But the trick to know is that in fact this permit is not necessary if you climb to the top of the volcano before 9am (arrival time of the 1st cable car)! This leaves us with the following options to climb to the top of the Teide:
- During the day, having obtained a permit for the last part of the climb to the top of the volcano.
- Without permit option 1: In 2 days by sleeping at the Altavista refuge (you will have to book the night) then by climbing to the top for sunrise (so passing before 9am)
- Without permit option 2: In 1 day by doing all the night ascent to reach the top for sunrise.
As for us, we climbed to the top of the Teide 3 times, hiking at night from the Montaña Blanca car park. But we will still describe for you all the different options below.
Hiking Teide by night in 1 day
It is the most flexible option but it is also the most difficult of the 3 (since we hike up and down in 1 day). By climbing up at night, you will not need the permit or to book a night at the Altavista refuge (the refuge is often fully booked several weeks in advance). This is clearly the best option if you want to avoid booking your hike weeks in advance and be flexible with the weather.
As I told you, we always chose to hike up at night because there was never any room at the Altavista refuge and we also wanted to be sure to climb up with good weather conditions. But I can reassure you right away, hiking up to the Teide by night is note easy but not as difficult as it seems. Basically you just need to have a headlamp in addition to the usual hiking gear and follow a trail that is super well indicated (plus you can download the gpx track on the map above 😉 ).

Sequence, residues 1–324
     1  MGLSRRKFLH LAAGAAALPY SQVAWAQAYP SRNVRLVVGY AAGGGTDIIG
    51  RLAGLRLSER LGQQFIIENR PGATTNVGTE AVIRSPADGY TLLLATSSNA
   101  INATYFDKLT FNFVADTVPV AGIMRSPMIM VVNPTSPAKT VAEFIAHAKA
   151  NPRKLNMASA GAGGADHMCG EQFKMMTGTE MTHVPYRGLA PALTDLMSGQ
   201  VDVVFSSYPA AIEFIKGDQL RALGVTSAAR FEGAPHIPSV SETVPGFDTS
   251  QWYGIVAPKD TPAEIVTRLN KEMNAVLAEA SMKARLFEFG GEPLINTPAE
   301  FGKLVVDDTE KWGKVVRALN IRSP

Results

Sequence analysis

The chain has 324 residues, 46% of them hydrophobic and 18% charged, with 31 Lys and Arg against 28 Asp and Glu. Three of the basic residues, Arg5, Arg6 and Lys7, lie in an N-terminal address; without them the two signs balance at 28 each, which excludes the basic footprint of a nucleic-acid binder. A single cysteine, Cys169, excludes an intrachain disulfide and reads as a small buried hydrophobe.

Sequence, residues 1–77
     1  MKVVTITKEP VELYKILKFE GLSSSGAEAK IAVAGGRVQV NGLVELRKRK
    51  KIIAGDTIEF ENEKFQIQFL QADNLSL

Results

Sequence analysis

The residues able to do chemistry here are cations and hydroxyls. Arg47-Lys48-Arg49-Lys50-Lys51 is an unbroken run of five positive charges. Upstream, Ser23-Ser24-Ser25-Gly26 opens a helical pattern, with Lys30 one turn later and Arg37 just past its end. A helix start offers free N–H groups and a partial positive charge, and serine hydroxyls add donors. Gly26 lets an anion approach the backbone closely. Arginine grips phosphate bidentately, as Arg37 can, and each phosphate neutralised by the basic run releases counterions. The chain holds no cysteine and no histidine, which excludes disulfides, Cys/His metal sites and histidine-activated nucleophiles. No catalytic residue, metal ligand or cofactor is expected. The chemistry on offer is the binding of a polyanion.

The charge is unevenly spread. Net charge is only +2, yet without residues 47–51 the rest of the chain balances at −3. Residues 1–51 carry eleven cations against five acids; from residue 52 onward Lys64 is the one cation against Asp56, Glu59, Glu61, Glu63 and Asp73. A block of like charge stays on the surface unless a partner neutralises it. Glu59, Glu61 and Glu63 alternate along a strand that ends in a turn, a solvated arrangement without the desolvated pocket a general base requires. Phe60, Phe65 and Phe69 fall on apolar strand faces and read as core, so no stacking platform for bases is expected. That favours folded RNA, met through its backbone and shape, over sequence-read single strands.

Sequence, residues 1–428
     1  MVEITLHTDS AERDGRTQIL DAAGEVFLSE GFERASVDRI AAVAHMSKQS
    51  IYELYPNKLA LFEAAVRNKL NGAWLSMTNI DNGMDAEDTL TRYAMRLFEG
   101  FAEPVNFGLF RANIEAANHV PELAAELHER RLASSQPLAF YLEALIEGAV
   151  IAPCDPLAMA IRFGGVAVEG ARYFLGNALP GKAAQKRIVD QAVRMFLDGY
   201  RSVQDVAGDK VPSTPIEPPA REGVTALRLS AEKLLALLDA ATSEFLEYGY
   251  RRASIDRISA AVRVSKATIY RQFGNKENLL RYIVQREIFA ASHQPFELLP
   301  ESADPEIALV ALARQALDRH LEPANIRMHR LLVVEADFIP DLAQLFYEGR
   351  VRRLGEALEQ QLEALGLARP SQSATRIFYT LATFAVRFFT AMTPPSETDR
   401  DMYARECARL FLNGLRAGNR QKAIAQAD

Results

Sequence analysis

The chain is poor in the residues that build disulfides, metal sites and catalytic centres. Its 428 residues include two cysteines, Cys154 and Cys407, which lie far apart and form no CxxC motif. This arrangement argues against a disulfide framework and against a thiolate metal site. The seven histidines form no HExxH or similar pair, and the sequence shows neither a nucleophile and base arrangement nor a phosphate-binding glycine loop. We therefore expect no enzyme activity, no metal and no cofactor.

The departure time will depend on your physical condition. For example, when I hiked up for the first time with 2 friends who were in better shape than me, we left at 4am from the Montaña Blanca car park and arrived at the top around 7am. On the other hand, the 2nd time we went up with friends from our coliving who were a little less used to this kind of hiking and we left at 2:30am from the parking lot.